DEF 14A 1 a2022mpcproxystatement.htm DEF 14A Document

UNITED STATES
SECURITIES AND EXCHANGE COMMISSION
Washington, D.C. 20549
SCHEDULE 14A
Proxy Statement Pursuant to Section 14(a) of the Securities
Exchange Act of 1934
Filed by the Registrant
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¨    Soliciting Material Pursuant to §240.14a-12
Marathon Petroleum Corporation
(Name of Registrant as Specified In Its Charter)
(Name of Person(s) Filing Proxy Statement, if other than the Registrant)
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NOTICE OF 2022 ANNUAL MEETING OF SHAREHOLDERS
Record Date:Meeting Date:Meeting Time:Meeting Location:
March 2, 2022April 27, 202210 a.m. EDTwww.virtualshareholdermeeting.com/MPC2022
Additional Meeting Information: See “FAQs About Voting and the Annual Meeting” beginning on page 82.
DEAR SHAREHOLDER,
You are invited to attend Marathon Petroleum Corporation’s 2022 Annual Meeting of Shareholders on Wednesday, April 27, 2022, at 10 a.m. EDT, to be held online at www.virtualshareholdermeeting.com/MPC2022. At the meeting, shareholders will be asked to vote on the following matters:
Ø
Proposal 1: To elect the four director nominees for Class II named in the Proxy Statement.
Ø
Proposal 2: To ratify the appointment of our independent auditor for 2022.
Ø
Proposal 3: To approve, on an advisory basis, our named executive officer compensation.
Ø
Proposal 4: To amend our Certificate of Incorporation to declassify the Board of Directors.
Ø
Proposal 5: To amend our Certificate of Incorporation to eliminate the supermajority provisions.
Ø
Proposal 6: To amend our Certificate of Incorporation to amend the exclusive forum provision.
Ø
Proposals 7-9: If properly presented at the meeting, three shareholder proposals.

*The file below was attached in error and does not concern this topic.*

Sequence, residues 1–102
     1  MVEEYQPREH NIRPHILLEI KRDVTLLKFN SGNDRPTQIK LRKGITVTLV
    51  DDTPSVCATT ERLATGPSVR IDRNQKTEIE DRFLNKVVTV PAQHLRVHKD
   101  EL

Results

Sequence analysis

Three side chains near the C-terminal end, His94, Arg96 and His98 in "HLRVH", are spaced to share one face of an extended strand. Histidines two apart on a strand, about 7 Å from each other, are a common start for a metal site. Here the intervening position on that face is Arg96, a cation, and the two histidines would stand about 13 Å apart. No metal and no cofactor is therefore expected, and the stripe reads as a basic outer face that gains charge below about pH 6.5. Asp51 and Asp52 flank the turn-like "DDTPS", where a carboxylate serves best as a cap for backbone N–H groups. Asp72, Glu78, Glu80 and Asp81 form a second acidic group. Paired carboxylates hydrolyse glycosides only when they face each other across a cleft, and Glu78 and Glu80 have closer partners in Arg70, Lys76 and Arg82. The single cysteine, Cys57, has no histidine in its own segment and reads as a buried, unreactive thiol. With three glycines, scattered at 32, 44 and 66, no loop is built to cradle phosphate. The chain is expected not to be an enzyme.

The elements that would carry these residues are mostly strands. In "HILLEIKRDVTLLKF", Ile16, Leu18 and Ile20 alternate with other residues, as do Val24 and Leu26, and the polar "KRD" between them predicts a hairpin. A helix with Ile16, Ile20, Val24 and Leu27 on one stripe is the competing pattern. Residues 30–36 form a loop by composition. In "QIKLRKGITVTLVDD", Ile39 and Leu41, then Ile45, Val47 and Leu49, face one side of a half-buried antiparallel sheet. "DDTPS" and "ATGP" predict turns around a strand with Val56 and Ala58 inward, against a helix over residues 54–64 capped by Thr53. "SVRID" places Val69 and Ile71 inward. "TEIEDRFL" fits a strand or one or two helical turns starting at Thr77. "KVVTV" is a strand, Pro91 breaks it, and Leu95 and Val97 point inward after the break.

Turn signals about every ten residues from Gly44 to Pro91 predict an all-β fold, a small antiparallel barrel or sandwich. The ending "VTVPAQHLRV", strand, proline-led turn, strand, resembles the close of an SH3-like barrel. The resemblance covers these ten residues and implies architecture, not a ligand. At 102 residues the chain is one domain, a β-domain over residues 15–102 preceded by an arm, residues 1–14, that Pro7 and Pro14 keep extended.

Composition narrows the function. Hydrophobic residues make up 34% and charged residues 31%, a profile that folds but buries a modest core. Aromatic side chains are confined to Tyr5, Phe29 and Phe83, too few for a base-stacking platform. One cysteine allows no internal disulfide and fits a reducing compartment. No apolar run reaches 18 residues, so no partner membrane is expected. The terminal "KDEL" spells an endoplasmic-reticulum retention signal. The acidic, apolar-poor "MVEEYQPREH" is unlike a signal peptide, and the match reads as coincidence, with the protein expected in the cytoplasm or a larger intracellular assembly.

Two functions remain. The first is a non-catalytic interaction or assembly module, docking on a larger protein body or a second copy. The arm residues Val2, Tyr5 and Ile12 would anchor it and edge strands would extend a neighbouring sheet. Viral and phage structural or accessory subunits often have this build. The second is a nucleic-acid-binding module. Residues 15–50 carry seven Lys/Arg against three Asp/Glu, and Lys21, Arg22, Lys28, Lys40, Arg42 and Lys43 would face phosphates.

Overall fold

We will also transact any other business that may properly come before the meeting or any adjournment or postponement thereof.
Shareholders of record at the close of business on Wednesday, March 2, 2022, are entitled to vote at the Annual Meeting. See “FAQs About Voting and the Annual Meeting” for more information.
We provide our proxy materials, including our Proxy Statement and Annual Report, over the internet. This expedites your receipt of proxy materials, conserves natural resources and lowers the cost of the meeting. On or about March 14, 2022, we are posting our proxy materials at www.proxyvote.com and mailing to shareholders a Notice Regarding the Availability of Proxy Materials, explaining how to access the proxy materials over the internet. We are also mailing a printed set of the proxy materials to shareholders who have elected to receive paper copies. Shareholders may request a printed set of the proxy materials by following the instructions provided in the Notice.
We thank you for your continued support and look forward to your attendance at our virtual Annual Meeting.
By order of the Board of Directors,
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Molly R. Benson
Vice President, Chief Securities, Governance & Compliance Officer and Corporate Secretary
þ
Your vote is important. Whether or not you plan to participate in the virtual Annual Meeting, please vote as soon as possible using one of the following options:
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Via the Internet:Call Toll-Free:Mail Signed Proxy Card:
Follow the instructions in the Notice, proxy card or voting instruction form.Call the toll-free number on your proxy card or voting instruction form.Follow the instructions on your proxy card or voting instruction form.
IMPORTANT NOTICE REGARDING THE INTERNET AVAILABILITY OF PROXY MATERIALS:
The Proxy Statement and Marathon Petroleum Corporation’s 2021 Annual Report are available at www.proxyvote.com.







TABLE OF CONTENTS
ü
Independent Chairman of the Board
Oversight of Risk Management
Oversight of Political Engagement and Public Policy
ü
CEO Pay Ratio
ü
ü
ü
ü
û
û
û
APPENDICES
I-1
II-1
III-1
Appendix IV. Proposed Amendment to Certificate of Incorporation (Proposal 6)
IV-1







PROXY SUMMARY
This summary highlights information contained in this Proxy Statement, which is first being sent or made available to shareholders on or about March 14, 2022. This summary does not contain all of the information you should consider before voting. Please read the entire Proxy Statement before voting. For more complete information regarding MPC’s 2021 operational and financial performance and definitions of industry terms, please review MPC’s Annual Report on Form 10-K for the year ended December 31, 2021, which accompanies this Proxy Statement.
Annual Meeting and Voting Information